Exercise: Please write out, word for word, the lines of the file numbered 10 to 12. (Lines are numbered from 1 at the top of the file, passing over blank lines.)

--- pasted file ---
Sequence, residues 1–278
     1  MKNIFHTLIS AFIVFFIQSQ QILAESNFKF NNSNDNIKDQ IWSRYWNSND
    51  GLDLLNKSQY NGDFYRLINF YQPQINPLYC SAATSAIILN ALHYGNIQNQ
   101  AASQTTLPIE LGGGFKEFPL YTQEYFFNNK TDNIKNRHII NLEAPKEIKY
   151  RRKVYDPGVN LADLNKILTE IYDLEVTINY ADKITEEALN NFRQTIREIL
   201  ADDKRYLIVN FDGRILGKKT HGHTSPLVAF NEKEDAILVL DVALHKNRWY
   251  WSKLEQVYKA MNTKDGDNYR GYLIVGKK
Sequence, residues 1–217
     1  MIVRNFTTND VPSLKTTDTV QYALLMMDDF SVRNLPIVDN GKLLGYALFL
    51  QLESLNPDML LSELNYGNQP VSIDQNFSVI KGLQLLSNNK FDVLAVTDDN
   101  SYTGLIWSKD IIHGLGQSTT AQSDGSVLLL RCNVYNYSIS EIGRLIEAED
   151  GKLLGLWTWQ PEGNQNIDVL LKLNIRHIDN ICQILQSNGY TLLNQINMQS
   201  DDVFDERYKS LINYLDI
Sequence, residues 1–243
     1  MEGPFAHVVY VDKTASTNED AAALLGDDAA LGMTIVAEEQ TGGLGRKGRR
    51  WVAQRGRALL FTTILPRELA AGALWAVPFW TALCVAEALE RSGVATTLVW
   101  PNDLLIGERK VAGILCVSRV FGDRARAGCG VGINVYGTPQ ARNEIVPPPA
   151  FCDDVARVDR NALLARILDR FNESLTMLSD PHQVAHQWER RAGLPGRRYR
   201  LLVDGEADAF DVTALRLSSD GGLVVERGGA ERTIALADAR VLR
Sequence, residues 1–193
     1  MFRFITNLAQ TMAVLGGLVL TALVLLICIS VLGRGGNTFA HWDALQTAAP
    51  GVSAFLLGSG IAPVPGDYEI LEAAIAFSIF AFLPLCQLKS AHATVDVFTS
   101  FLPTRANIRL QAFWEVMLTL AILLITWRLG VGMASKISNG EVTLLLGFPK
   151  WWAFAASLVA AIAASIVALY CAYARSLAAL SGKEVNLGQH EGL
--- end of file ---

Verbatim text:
    51  QLESLNPDML LSELNYGNQP VSIDQNFSVI KGLQLLSNNK FDVLAVTDDN
   101  SYTGLIWSKD IIHGLGQSTT AQSDGSVLLL RCNVYNYSIS EIGRLIEAED
   151  GKLLGLWTWQ PEGNQNIDVL LKLNIRHIDN ICQILQSNGY TLLNQINMQS